How to Build a Bee Shelter

I built a simple shelter for my bee hives. My shelter was to provide cover from snow and rain, protection from wind, and a level stone floor for the hives to safely sit on. Please bear in mind that I am not a carpenter.


1. Level the area. I leveled an 8’ x 8’ square for my two hives, with room for two more.

Bee Shelter Area Leveled


2. I dug the post holes. I dug 2’ deep, and set the posts in concrete making sure they were level and straight before putting in the concrete. I also set the north posts deeper, making them shorter than the south posts to give the roof slope for rain and snow.


Bee Shelter Posts in Concrete

3. I put down fabric to stop weeds from growing then installed gravel and 12”x12” leveled concrete blocks for each hive.


Bee Shelter Gravel Floor

4. I placed two 2x4x8 support beams across the posts, connected with hardware.


5. I installed a 2x4x10 rafter every 12” to support the roof, connected with hardware.


Bee Shelter in Progress

6. At this point I realized that my 2x4x8 support beams could support about 250 pounds each with the boards turned up. So my roof could be no heavier than 500 pounds, and that was pushing it. It turns out that the rafters and roofing was already around 250 pounds, and if you throw on a 12” snow storm, I would be right at the limit. I had visions of a winter storm where my bees get crushed by a collapsed roof. The simple fix was to add two additional support beams, so now the structure can support about 1000 pounds. I noticed the structure was more solid right away.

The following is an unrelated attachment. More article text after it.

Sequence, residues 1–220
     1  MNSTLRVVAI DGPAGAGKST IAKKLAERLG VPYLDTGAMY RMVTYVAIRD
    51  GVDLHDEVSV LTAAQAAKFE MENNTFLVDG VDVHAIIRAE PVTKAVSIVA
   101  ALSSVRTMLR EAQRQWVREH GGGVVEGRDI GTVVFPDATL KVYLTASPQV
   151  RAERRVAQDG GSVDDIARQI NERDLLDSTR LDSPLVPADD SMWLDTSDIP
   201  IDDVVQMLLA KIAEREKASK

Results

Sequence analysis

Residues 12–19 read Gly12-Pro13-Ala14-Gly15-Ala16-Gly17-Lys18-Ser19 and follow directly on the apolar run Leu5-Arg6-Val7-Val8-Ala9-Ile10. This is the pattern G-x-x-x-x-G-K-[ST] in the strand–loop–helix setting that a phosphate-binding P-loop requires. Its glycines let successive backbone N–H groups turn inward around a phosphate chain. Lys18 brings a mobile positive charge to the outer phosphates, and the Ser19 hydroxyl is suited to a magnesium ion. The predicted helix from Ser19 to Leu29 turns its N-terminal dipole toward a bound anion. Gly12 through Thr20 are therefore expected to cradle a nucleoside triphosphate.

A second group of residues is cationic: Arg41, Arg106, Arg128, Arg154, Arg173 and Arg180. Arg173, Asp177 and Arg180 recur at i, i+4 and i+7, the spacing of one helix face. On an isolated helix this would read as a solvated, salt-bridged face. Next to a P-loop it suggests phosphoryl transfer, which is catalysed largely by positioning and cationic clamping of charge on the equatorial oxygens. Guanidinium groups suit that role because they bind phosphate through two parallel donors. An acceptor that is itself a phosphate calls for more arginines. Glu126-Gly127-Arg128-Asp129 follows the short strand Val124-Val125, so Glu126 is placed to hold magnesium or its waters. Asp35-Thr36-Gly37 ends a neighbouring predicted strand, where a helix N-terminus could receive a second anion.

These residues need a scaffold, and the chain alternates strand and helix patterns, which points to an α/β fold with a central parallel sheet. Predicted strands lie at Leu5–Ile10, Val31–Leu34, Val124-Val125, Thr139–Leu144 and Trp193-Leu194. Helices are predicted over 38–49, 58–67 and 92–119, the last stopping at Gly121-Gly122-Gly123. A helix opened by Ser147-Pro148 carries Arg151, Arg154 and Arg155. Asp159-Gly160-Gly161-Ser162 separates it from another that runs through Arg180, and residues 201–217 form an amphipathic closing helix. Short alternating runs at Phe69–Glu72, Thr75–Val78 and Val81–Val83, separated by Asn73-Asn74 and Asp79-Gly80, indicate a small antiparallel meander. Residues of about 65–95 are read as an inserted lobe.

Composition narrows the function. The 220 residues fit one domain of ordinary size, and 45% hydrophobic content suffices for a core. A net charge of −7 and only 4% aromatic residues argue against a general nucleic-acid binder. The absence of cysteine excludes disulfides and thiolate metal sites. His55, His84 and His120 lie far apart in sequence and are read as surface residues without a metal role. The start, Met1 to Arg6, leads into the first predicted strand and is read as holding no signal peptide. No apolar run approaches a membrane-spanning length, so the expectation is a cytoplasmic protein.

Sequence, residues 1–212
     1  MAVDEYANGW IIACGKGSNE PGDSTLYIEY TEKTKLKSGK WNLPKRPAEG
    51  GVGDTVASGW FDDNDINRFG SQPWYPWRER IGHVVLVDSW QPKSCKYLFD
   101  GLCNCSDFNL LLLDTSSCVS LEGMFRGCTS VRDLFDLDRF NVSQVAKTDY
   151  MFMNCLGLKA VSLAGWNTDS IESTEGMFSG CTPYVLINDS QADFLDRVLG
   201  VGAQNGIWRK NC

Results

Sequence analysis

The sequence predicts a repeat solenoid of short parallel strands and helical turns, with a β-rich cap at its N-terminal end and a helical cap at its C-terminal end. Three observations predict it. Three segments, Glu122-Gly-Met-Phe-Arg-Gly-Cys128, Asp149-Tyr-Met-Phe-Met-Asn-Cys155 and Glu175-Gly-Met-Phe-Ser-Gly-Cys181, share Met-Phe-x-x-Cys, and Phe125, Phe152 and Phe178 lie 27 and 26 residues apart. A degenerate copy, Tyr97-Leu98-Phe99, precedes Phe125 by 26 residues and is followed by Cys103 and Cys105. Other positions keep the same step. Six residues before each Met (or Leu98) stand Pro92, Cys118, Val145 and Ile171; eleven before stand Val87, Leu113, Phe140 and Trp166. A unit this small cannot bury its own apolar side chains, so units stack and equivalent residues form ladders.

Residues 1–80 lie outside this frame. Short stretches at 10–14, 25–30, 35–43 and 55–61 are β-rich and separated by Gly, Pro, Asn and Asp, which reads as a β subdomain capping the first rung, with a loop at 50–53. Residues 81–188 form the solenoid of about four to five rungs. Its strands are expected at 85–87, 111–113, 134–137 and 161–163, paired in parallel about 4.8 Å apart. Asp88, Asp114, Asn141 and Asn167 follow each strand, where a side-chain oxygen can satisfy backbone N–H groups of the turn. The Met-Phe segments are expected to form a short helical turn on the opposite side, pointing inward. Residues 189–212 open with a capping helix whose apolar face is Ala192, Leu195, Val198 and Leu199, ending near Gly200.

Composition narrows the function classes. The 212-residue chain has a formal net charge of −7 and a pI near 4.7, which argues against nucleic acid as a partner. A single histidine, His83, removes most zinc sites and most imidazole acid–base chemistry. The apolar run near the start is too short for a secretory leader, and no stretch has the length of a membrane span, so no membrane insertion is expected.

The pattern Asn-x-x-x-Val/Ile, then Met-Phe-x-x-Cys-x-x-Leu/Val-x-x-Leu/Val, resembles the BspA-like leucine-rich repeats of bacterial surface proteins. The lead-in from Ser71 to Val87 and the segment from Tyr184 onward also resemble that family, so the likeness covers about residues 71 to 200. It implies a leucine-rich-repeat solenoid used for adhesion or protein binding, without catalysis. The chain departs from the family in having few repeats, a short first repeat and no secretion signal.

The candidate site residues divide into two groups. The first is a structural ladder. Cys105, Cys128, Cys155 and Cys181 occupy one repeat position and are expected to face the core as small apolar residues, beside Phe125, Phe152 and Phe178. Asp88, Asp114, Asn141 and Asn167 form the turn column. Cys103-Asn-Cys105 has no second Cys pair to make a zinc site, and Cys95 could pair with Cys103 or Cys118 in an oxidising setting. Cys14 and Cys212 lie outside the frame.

7. Next I installed my roofing panels. This was fairly easy. I used Ondura panels, and set the panels so the corrugation lined up perfectly with my rafters. This is why you must set these 12” apart exactly, so they will line up. I used all 100 roofing nails that came in the box of Ondura nails. This will help with the heavy winds I get. It’s really important to nail these down really straight, but not drive them too deep where they pinch into the roofing. I was able to set the panels in place and then nail them down by standing on my “A” frame ladder.  


Bee Shelter Roof

8. I installed lattice on the North and West sides to stop the prevailing winds on my property. After doing this, I realized that it would probably break the lattice in a strong wind. That sort of defeats the purpose of a windbreak. So I installed some bracing behind the lattice, and screwed the lattice into the bracing. I used 2x4’s and joist hangers between the posts.


Bee Shelter Almost Complete

9. Finally, I cut some 2x4’s, and cut the ends at a 45 degree angle then screwed them into the posts and support beams for additional support. I pre-drilled everything.


Bee Shelter with Warre Hives

Given my poor carpentry skills, I think the bee shelter turned out pretty good. All total, it was about $350 in materials. My labor as usual was free. Thank you to Mark for helping me set the posts straight.  

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